From The Baxter Bulletin
(Mountain Home, Arkansas)
"Baxter County Beginnings"
June 21, 2003
Alley, White World War I
American Legion Post 52 is planning a memorial service
July 24 at Mountain Home Cemetery in commemoration of the
85th anniversary of the deaths of Hosea Alley and
Clarence G. "Thorty" White. The post is named
after the two young men who died in World War I.
White was the first Baxter County boy to fall from the
Huns bullets in France during World War I. Two boys from
Baxter County had already died in training camps.
Born Feb. 2, 1893, to Mr. and Mrs. Jim White, he was only
24 when he enlisted. When a call was made in early
September for four men to go to Camp Pike, White was one
of the first to offer himself. He was a private, 1592171
in Company A 28th Infantry 1st Division. He was killed on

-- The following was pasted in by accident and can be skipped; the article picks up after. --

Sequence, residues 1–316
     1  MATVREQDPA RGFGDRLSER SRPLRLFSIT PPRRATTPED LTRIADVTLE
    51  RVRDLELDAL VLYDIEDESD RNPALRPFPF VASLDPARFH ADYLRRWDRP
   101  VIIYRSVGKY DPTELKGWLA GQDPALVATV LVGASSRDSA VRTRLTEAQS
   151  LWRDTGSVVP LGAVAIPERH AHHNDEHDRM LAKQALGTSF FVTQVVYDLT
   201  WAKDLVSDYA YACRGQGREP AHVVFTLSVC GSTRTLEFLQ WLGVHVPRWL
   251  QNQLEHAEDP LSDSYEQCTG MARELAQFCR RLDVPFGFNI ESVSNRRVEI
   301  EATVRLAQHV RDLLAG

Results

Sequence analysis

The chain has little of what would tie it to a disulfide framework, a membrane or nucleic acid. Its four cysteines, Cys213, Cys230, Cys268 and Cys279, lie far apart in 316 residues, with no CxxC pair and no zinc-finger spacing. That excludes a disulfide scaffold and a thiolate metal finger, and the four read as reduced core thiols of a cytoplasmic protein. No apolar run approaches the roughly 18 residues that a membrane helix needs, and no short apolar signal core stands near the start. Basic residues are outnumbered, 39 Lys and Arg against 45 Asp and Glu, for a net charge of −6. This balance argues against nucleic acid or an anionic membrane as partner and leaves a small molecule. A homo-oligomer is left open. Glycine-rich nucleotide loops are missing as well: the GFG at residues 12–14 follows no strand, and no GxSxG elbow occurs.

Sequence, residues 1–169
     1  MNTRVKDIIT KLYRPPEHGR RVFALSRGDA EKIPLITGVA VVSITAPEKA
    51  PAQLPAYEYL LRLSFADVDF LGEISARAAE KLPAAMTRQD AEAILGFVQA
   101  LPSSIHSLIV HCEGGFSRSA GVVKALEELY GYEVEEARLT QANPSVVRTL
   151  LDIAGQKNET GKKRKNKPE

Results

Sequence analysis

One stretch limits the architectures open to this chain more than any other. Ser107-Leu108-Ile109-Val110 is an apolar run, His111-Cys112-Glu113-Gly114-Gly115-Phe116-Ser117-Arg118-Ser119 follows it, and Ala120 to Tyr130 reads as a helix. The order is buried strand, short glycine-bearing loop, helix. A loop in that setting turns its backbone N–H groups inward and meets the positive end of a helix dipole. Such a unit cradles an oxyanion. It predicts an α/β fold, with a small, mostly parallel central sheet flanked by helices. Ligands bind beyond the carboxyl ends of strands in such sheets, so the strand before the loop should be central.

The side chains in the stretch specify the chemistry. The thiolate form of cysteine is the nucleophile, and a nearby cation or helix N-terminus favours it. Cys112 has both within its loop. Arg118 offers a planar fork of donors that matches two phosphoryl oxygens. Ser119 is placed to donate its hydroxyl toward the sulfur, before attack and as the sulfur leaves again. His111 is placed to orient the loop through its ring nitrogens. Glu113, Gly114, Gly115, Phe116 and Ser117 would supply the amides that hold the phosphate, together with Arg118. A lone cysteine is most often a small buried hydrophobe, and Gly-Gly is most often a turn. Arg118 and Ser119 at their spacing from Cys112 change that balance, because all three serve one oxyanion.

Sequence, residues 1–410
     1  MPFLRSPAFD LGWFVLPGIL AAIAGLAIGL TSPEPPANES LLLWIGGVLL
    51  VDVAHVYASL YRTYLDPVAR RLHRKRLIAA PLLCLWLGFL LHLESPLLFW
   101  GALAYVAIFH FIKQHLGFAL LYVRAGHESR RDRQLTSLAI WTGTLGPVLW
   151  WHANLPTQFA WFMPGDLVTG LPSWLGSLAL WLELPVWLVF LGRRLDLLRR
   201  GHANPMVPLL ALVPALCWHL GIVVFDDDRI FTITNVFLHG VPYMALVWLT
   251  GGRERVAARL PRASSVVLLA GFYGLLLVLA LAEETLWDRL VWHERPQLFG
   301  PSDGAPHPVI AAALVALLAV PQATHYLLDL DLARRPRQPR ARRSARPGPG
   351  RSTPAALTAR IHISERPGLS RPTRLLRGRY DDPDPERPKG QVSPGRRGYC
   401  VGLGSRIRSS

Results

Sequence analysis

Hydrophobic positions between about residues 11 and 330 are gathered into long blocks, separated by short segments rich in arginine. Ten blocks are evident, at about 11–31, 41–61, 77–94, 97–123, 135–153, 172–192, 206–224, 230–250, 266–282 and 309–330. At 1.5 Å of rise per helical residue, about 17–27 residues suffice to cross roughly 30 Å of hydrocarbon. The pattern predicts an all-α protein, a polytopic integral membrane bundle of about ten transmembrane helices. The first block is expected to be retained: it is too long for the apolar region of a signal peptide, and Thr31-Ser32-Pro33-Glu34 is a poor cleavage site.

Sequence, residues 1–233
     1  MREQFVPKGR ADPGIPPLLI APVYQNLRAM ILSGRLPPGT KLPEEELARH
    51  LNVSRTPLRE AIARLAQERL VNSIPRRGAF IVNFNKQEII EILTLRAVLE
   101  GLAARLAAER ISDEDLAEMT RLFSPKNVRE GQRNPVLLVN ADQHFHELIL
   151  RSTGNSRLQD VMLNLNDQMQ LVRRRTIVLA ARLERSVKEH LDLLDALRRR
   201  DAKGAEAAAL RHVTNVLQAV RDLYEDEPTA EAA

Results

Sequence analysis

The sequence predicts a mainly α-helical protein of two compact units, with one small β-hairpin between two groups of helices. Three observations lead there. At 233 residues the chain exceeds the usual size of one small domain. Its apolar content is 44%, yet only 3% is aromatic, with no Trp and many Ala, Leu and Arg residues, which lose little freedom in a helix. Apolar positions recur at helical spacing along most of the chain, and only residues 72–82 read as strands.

the Western front on July 25, 1918. White has a tombstone
in Mountain Home Cemetery, and the special service will
be held in that location.
In a Baxter County Historical Society's quarterly, member
Lucille Parks furnished the following information on the
young men for whom the Alley-White Post was named.
According to her information, Pvt. Clarence G.
"Thorty" White was a 25-year-old soldier from
Bennett's Bayou Township who was killed on July 25, 1918,
in France. He was the son of James J. and Mary Choate
White and was survived by four brothers: James White,
Zachariah White, Glitson White and Arthur White, and two
sisters, Iva and Icy. His body was returned and buried in
the Mountain Home Cemetery.
John Wolf, who was president of the Mountain Home
Cemetery Association, says the record book he received as
president appears to have been copied from another
source, and he says that White is listed as being buried
in Lot 98 before the next listing, which was Jan 22,
Cpl. Hosea P. Alley was killed in France on Oct. 21,
1918, during World War I. A German bullet entered his
breast on Oct. 16 and he was taken to a hospital where he
died. Hosea was 26 years old and was a quiet friendly boy
who left a young wife and four brothers and sisters.
Hosea Alley was buried in Arlington Cemetery.
Original newspaper article by Chryl
Ripple, Baxter Bulletin Historian